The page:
At the symbolic level, Pentecostalism is clearly similar to both political and religious Messianic movements. These are the symbolic sources of a new society which can resist the “collapse of hope” despite crushing defeats such as in Nicaragua, where Christians and Sandinistas tried to create a new society. Such groups can resist the aimlessness produced by the end of utopias suffered after the “collapse” of socialism.
For common folks, at stake are not just ideologies and political utopias–which they have little time for anyway–but their own subsistence in extreme situations where even their basic necessities are unmet.
The true roots of modern Pentecostalism go back to 15th- and 16th- century Europe. There, Pentecostal communities that were excluded from Luther’s, Calvin’s, and Zwingli’s Reformation constituted a popular front known today as the “Radical Reformation.” Differing from the Lutherans due to their religious practice and rural origins, they fought and died for a series of demands denied them by the nobles. The apocalyptic vision of history and the Messianic charisma of Thomas Müzer, a leader of this revolutionary movement, clearly marked the later Pentecostal movement.
In Latin American Pentecostalism, one discovers the reflection of indigenous movements and waves of immigrants in search of new identities. It is surprising to note the case of Chile, for example, where the growth of Pentecostalism and socialism paralleled one another chronologically, even employing similar tactics, though without forming any explicit alliance. On the contrary, Pentecostalism became a client of the State, legitimizing the State before civil society.
Some interpreters of the Peruvian religious scene have hypothesized a probable relation of mutual influence between the emerging religious groups and a new kind of capitalism that recalls Weber’s thesis on the Protestant ethic and the spirit of capitalism. Weber emphasized the general attitudes inherent in the character of each religion (in this case, the ethics of Calvinism) which influence economic activities and motivations. Though religious principles may not have a direct effect on economic behavior, they can lend religious and ideological legitimacy to new motivations, activities, and institutions.
Thus Weber postulated that the Puritan ethic of austerity and the denial of worldly pleasures had generated the beginnings of the capitalist spirit. He made it clear that ideas exercise an autonomous influence on the process of social evolution. For Weber, the key elements of the Calvinist ethic were “asceticism” and a “vocation” for work as a rational activity.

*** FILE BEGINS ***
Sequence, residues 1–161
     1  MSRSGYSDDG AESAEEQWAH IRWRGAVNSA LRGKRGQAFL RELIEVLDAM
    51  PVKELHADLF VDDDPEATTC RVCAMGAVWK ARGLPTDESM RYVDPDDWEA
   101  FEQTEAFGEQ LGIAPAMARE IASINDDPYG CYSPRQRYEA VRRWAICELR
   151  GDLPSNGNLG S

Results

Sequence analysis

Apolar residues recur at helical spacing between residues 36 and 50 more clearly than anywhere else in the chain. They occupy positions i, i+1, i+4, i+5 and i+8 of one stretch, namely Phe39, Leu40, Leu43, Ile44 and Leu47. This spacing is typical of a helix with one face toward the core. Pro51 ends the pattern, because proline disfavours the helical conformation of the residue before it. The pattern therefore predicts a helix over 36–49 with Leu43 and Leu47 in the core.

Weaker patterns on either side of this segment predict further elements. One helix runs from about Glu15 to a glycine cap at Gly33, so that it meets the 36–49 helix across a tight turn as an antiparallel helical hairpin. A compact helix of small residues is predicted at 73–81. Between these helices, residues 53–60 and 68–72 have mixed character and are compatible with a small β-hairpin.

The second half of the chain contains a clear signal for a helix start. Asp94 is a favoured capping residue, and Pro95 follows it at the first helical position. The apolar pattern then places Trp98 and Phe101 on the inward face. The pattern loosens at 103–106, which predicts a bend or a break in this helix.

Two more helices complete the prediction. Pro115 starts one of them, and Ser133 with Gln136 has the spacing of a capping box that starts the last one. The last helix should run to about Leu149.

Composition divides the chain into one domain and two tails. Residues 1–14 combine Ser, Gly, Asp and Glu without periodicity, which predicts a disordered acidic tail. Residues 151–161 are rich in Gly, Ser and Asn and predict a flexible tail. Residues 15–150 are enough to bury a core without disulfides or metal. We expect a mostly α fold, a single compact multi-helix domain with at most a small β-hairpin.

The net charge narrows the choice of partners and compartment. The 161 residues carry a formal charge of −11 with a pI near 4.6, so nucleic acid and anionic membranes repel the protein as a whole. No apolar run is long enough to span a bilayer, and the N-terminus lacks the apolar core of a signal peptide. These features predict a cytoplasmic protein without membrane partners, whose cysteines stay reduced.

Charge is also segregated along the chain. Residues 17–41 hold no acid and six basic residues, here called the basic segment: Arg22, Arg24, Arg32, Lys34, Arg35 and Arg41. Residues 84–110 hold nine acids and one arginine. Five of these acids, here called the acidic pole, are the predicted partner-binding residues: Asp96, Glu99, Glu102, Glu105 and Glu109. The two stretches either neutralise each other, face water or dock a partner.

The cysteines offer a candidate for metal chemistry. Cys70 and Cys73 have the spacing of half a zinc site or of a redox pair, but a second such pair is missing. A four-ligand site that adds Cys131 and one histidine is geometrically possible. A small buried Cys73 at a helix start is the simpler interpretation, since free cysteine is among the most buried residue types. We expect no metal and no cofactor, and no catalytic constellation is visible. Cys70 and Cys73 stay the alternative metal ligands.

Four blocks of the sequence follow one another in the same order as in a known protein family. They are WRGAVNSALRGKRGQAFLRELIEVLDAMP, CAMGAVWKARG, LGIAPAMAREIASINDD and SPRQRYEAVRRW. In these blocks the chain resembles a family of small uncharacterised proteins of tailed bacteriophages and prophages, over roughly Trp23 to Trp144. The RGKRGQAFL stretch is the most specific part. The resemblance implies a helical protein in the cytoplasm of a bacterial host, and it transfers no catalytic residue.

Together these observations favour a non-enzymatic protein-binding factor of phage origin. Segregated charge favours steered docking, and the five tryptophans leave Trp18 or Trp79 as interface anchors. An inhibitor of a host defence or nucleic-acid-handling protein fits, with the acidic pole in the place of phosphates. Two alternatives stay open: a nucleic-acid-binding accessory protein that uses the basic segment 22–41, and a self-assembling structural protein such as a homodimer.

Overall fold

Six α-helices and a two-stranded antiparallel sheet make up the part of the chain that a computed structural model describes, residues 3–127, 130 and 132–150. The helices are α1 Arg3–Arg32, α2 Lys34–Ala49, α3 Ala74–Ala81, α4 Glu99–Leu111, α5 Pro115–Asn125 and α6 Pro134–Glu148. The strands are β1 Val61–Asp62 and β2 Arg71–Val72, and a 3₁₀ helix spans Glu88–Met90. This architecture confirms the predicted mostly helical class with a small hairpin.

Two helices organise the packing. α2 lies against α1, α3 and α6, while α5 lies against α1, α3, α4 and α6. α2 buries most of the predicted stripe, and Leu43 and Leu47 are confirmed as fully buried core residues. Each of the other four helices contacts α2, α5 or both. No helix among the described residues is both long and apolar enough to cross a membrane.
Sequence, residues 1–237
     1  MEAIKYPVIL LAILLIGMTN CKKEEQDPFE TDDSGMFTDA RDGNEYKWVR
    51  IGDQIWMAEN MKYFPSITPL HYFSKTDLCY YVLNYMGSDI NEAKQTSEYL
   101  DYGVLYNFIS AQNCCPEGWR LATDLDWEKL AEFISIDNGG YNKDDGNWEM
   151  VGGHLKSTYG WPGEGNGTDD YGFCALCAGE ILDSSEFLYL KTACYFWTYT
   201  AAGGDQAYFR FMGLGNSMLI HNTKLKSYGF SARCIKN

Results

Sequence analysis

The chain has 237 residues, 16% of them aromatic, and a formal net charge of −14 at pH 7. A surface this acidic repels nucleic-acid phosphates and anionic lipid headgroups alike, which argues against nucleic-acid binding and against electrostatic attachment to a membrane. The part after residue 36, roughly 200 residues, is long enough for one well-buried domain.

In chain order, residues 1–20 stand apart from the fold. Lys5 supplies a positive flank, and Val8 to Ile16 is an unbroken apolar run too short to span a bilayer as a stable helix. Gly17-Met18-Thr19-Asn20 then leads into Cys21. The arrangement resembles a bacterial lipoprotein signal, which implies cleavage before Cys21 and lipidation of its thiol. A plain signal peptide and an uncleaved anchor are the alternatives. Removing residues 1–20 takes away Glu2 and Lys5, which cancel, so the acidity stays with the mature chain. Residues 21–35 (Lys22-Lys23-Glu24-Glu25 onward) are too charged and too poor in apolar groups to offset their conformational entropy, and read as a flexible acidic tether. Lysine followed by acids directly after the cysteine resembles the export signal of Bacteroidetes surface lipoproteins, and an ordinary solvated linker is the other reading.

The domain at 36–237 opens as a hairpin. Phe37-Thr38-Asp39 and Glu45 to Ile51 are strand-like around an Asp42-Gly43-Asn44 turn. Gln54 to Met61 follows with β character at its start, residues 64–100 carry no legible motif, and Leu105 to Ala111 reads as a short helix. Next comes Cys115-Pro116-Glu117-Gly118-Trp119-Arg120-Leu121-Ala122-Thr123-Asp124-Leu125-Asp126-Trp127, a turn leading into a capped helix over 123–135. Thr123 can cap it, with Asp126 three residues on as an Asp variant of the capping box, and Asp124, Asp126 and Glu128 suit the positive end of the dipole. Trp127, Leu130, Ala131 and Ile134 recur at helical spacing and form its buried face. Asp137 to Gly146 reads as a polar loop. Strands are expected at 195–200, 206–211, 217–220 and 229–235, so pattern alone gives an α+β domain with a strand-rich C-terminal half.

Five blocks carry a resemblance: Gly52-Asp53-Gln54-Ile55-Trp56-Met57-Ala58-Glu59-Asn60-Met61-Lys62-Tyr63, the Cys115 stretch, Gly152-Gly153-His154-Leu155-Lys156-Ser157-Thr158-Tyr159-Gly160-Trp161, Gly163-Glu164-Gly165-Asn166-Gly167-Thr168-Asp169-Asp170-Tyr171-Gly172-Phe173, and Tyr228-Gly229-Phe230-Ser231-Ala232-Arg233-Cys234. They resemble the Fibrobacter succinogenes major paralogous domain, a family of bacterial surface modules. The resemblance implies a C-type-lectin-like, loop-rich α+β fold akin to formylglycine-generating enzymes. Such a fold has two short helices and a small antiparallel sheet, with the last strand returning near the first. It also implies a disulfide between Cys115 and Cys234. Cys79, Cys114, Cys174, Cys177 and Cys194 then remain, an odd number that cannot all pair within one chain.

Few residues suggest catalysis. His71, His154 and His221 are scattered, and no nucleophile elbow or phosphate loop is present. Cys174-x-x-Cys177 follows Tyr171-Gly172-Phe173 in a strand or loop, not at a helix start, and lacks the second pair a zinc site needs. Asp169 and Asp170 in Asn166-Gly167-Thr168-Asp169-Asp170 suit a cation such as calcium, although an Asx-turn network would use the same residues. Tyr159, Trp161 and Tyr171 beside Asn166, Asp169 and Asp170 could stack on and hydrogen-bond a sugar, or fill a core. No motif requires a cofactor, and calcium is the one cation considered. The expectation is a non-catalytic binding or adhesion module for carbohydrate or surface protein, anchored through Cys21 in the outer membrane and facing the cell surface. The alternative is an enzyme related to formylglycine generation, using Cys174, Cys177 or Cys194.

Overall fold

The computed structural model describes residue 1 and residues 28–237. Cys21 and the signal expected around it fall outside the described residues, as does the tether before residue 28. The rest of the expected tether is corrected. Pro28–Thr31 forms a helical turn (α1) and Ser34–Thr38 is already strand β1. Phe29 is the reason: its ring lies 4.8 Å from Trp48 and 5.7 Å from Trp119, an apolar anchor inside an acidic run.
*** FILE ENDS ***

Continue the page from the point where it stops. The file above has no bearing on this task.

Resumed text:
While Weber’s thesis may apply to certain branches of European and North American Protestantism, it doesn’t work for Latin American Protestantism. It works even less for Pentecostalism, given its mainly proletariat composition, its “eschatological urgency,” and the volatile character of contemporary international capitalism.
Thus, Pentecostalism has not been a major player in the development of a new grassroots capitalism, except in the sense that Pentecostal believers are consumers and an available labor force. In my opinion, the reasons for this are: 1) mysticism rather than asceticism predominates among the Pentecostals; 2) splurging rather than saving is the cultural model, given that subsistence-level salaries make saving impossible and because the goods purchased with one’s salary come to represent one’s personal worth (“fetishization”); 3) work is not considered a divine vocation. Thus, Weber’s thesis hardly applies. In these circumstances it would be more likely to posit a relationship between Pentecostal ethics and the spirit of socialism, or any system other than capitalism.
The transforming power of Pentecostalism resides not in the coherence of its doctrine, but in its flexibility and its capacity to give expression to new social practices in the defining moments of a society in transition. Christian Lalive d’Epinay has observed that in the time of Allende’s Chile, Pentecostalism suffered the mutilation of its practices and doctrine. The same was observed ten years later by Jean-Pierre Bastian in Nicaragua and can be seen today in 1990s Peru.
Pentecostalism was born in the heat of a historical struggle, both real and symbolic, against Catholicism, official Protestantism, and political dogmatism. It has proven its capacity to generate symbols powerful enough to sustain hope for the working classes and a sense of national identity. Those who fight against Pentecostalism, whether they are politicians or clergy, do so because they fear competition for influence in civil society or because they realize that Pentecostalism represents an alternative to the present political order.
As for the question of whether Pentecostals will choose to become active players in civil society or politics, the obvious answer is both. Nevertheless, it is within civil society that Pentecostalism will make a key contribution to deciding the future of the region’s social system. Past participation in the political sphere, minimal as it may have been, makes it clear that now is not the time to swell the ranks of the political class without first having participated in grassroots community organizations. Active participation in the newly emerging civil society is a historic opportunity that must not be wasted. This is possible today precisely because the Spirit continues to make all things new.